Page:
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-In the communion rite that follows, there is a specific rubric that indicates that either the deacon or priest bringing the Blessed Sacrament to the altar puts on a humeral veil. (Missale Romanum, Rubrics for Good Friday, #21, as found in the BCL Newsletter, March/April 2003) -The invitation to, as well as the Lord's Prayer itself are sung. (Circular Letter, #70) -There is no sign of peace. After Communion either deacon or another suitable minister takes the ciborium to a place prepared outside the church, or if circumstances require, may place it in the tabernacle. (Missale Romanum, Rubrics for Good Friday, #29, as found in the BCL Newsletter, March/April 2003) A similar instruction appears in the Circular Letter, #70 -There is no dismissal to this liturgy. -After the celebration the altar is stripped and the cross is placed in a place for veneration and meditation. It might be positioned in the now empty chapel of reservation. There should be four lit candles near it. (Circular Letter, #71) -"A genuflection...is reserved for the Most Blessed Sacrament, as well as for the Holy Cross from the solemn adoration during the liturgical celebration on Good Friday until the beginning of the Easter Vigil." (GIRM 2002, #274) -It should be noted that dramatic presentations of the passion or living Stations of the Cross are not part of the liturgy of Good Friday, nor are they legitimate substitutes for, or additions to, the Church's liturgy.

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Holy Saturday, The Easter Vigil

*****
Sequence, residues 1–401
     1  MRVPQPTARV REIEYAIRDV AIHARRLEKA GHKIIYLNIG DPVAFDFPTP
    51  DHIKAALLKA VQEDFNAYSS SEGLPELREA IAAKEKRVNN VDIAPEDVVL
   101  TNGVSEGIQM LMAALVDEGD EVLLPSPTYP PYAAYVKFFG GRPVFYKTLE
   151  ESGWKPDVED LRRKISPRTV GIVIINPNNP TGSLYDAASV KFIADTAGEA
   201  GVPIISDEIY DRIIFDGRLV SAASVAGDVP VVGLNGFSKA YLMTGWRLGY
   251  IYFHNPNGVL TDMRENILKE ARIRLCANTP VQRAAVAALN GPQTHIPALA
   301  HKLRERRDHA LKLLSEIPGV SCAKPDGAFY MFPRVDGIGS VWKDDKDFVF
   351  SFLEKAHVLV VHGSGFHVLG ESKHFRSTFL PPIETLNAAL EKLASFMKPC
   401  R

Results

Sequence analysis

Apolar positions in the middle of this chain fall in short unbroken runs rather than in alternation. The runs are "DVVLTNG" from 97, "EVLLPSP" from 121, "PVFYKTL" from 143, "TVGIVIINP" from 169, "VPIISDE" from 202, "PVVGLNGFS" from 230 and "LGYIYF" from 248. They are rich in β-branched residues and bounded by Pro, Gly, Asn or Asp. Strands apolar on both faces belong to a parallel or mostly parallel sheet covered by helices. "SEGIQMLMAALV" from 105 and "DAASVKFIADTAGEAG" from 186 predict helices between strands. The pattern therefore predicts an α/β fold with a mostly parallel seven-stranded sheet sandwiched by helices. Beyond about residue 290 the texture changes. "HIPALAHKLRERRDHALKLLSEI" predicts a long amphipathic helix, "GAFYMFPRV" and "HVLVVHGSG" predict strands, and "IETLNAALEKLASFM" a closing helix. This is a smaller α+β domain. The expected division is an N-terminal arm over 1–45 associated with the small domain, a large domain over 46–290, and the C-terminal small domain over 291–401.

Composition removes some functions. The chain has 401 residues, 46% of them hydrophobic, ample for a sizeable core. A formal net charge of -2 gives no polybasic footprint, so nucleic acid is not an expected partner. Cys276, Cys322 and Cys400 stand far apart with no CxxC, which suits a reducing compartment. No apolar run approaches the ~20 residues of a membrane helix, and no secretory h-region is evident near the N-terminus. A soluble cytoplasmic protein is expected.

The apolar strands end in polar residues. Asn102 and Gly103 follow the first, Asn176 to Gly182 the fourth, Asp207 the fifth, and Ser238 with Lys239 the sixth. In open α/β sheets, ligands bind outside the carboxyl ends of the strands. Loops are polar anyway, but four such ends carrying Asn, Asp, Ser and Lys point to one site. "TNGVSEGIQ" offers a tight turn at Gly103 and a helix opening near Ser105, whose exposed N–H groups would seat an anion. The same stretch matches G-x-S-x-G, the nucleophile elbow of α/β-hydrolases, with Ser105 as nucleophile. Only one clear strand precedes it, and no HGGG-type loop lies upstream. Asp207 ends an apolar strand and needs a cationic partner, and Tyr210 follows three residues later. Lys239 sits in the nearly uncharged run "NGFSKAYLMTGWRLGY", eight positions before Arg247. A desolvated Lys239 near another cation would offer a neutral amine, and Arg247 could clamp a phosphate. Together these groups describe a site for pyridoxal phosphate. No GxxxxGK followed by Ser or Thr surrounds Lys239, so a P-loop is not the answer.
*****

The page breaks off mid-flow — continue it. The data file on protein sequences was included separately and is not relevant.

-The Easter Vigil, since it is the night watch of the celebration of the Lord's Resurrection should be held after sunset. The Sacramentary makes it clear that "The entire celebration of the Easter Vigil takes place at night. It should not begin before nightfall; it should end before daybreak on Sunday." "This rule is to be taken according to its strictest sense. Reprehensible are those abuses and practices that have crept into many places in violation of this ruling, whereby the Easter Vigil is celebrate at the time of day that is customary to celebrate anticipated Sunday Masses." (Circular Letter, #78) The Easter Vigil does NOT correspond to the usual Saturday evening Mass and its character is unique in the cycle of the liturgical year. It ought to take place at night. (Missale Romanum, Rubrics for Easter Vigil, #3, as found in the BCL Newsletter, January 2003) To light a fire and candles and speak of this "holy night," while sunlight streams through the church windows makes no sense. The Circular Letter observes that the objections raised to holding the Vigil at night are not raised when it comes to nighttime Masses at Christmas or other gatherings of various kinds. "The Easter Vigil liturgy should be celebrated in such a way as to offer to the Christian people the riches of the prayers and rites. It is, therefore, important that authenticity be respected..." (Circular Letter, #93) -"...it is never permitted to celebrate the entire Easter Vigil more than once in a given church." (Sacramentary, The Easter Vigil, #3) -"The celebration of the Easter Vigil for special groups is not to be encouraged since, above all in this Vigil, the faithful should come together as one and should experience a sense of ecclesial community." (Circular Letter, #94) Service of Light -The liturgy envisions the new fire prepared outside the church and already burning as people arrive. The fire should be large enough to "genuinely dispel the darkness and light up the night." (Circular Letter, #82) -The people are to gather outside the church near the new fire. They should receive candles upon arriving. It would not be appropriate for the elect to receive candles at this time. They are presented with a candle after their baptism, not before. (RCIA, #230) In a suitable place outside the Church a blazing fire is to be prepared so that the people may gather around it and experience the flames dispelling the darkness and lighting up the night. Thus do the beauty of fire, its warmth and light, draw the liturgical assembly together. The rubrics, however, acknowledge that when this cannot be done adaptations may be made. The Missale also states that cross and candles are not to be carried in this procession. (Missale Romanum, Rubrics for Easter Vigil, #8, as found in the BCL Newsletter, January 2003) -If the fire cannot be prepared outside the church, the priest and ministers go to the door of the church where a suitable fire has been prepared and all continues as usual. (Sacramentary, The